WASHINGTON (CBSMiami) – During testimony before the Senate Intelligence Committee, Acting FBI Director Andrews McCabe called their investigation into possible ties between Russia and the Donald Trump campaign “highly significant.”
His categorization of the investigation contradicts claims by White House Deputy White House Press Secretary Sarah Huckabee Sanders who downplayed the Russia probe angle by saying the FBI is “doing a whole lot more than the Russia investigation.”
In his opening statement, committee co-chair Sen. Mark Warner, D-Virginia, said that it is hard to avoid the conclusion that former FBI Director James Comey’s termination was related to the Russian probe, and he said “that is truly unacceptable.”
McCabe said he would inform the committee of any interference with the FBI’s investigation on Russian and possible collusion with the Trump campaign. McCabe added that his department would not be providing the White House any updates on their Russia investigation.
Sen. Marco Rubio asked McCabe if Comey’s firing had impeded, interrupted, stopped or negatively impacted any investigation at the FBI.
“As you know, senator, the work of the men and women of the FBI continues despite any changes in circumstance, any decision. There has been no effort to impede our investigation to date,” McCabe said.
As McCabe testified, President Trump spoke out about his decision to fire Comey.
“Oh, I was gonna fire regardless of recommendation,” Trump told NBC’s Lester Holt.
President Trump told Holt that he didn’t need the recommendation of Deputy Attorney General Rod Rosenstein to fire Comey.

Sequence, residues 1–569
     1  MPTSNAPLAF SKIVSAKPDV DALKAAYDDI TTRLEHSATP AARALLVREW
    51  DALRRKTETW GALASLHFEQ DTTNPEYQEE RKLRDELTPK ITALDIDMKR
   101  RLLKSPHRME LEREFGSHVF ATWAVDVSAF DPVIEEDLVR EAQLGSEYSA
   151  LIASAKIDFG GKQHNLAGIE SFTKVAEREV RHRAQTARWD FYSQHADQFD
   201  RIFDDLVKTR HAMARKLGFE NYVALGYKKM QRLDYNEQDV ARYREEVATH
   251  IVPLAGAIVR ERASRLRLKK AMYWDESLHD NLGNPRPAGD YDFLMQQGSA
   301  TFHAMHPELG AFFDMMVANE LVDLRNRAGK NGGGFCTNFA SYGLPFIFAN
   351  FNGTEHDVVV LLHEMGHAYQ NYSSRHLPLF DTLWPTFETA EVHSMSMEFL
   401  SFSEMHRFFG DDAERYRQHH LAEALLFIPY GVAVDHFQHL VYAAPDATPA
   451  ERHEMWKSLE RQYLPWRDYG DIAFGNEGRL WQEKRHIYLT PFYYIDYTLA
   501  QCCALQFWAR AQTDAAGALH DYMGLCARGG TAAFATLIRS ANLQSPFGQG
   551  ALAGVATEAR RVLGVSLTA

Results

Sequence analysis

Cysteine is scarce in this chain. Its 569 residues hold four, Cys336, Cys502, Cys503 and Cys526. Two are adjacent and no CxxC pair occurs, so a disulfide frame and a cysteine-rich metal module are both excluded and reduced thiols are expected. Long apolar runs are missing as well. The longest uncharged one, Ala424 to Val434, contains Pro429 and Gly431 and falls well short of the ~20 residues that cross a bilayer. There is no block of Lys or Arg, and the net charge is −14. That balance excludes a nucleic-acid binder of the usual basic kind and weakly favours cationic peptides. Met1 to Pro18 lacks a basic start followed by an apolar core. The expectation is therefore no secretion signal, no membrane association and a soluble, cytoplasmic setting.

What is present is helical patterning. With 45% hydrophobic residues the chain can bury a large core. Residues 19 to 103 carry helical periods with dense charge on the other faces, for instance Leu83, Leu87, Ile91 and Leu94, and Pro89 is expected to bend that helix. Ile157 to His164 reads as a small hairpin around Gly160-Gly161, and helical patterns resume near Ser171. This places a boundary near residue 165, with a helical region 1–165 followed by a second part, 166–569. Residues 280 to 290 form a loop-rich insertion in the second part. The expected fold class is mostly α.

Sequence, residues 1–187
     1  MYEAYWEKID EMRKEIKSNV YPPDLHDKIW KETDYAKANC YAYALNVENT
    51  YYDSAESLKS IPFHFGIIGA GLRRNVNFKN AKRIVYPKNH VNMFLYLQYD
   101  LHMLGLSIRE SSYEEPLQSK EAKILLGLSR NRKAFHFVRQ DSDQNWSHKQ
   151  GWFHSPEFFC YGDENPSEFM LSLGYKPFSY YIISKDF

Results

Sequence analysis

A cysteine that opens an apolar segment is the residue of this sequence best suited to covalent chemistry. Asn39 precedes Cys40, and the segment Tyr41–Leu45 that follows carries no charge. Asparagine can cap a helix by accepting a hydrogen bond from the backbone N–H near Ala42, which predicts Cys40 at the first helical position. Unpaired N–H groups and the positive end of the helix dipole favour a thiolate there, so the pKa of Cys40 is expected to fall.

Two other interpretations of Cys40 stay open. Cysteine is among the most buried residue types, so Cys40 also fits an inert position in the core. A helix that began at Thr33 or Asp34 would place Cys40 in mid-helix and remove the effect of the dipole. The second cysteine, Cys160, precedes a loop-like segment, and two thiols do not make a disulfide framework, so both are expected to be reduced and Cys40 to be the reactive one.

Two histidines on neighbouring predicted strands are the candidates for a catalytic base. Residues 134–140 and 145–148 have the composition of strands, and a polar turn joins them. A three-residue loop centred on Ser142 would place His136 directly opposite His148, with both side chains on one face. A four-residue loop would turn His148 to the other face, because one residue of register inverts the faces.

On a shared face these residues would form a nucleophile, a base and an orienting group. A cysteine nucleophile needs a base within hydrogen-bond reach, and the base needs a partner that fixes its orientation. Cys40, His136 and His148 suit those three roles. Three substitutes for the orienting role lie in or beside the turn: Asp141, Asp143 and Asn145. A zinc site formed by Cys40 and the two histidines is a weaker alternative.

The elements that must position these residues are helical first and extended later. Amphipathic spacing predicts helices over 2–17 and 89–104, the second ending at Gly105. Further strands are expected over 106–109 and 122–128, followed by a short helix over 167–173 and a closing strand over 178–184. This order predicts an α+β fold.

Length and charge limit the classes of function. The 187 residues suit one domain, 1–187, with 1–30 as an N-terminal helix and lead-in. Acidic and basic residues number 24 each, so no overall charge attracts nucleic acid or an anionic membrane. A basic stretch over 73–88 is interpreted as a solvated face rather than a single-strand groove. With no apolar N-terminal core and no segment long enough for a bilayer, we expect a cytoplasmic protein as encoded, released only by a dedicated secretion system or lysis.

“He’s a show boat, he’s a grand stander, the FBI has been in turmoil. You know that, I know that. Everybody knows that,” President Trump said.
But up on Capitol Hill, McCabe shot down one of the White House’s excuses for axing Comey.
“Is it accurate that the rank and file no longer supported Director Comey?” Sen. Martin Heinrich asked McCabe.
“No, sir. That is not accurate,” McCabe said. “Director Comey enjoyed broad support within the FBI, and still does to this day.”
Democrats have argued that everything about Comey’s firing was unorthodox, from the way he was informed to the timing itself.
“The president’s one page letter was completely bizarre,” said Sen. Tim Kaine, D-VA.
“You can’t fire the investigator when he is investigating your administration,” said Sen. Bob Casey, D-PA.
Deputy Attorney General Rosenstein came to Capitol Hill himself to meet with the heads of the Senate committee doing its own investigation into Russian interference in the 2016 presidential election.
“So that when we had witnesses that we needed to talk to, we made sure that we weren’t stepping on top of anything that might be an active investigation,” Sen. Richard Burr said.
Rosenstein could soon be the subject of an investigation himself.
Congressman Jason Chaffetz is calling for the Department of Justice inspector general to look into the firing of Director Comey.
Democrats have fond an ally in the Senate’s Republican chairman of the intelligence committee.
“The timing and the reasons for this decision make little sense to me. And I don’t think I’ve heard anything since last night to clarify that in any way,” said Sen. Richard Burr.
While Democrats have insisted that a special prosecutor, who can’t be fired by President Trump, be brought in Burr said that person would only get in the way of the investigation he’s already conducting.
Burr and Warner, have asked Comey to meet with their committee next week in a closed-door session.
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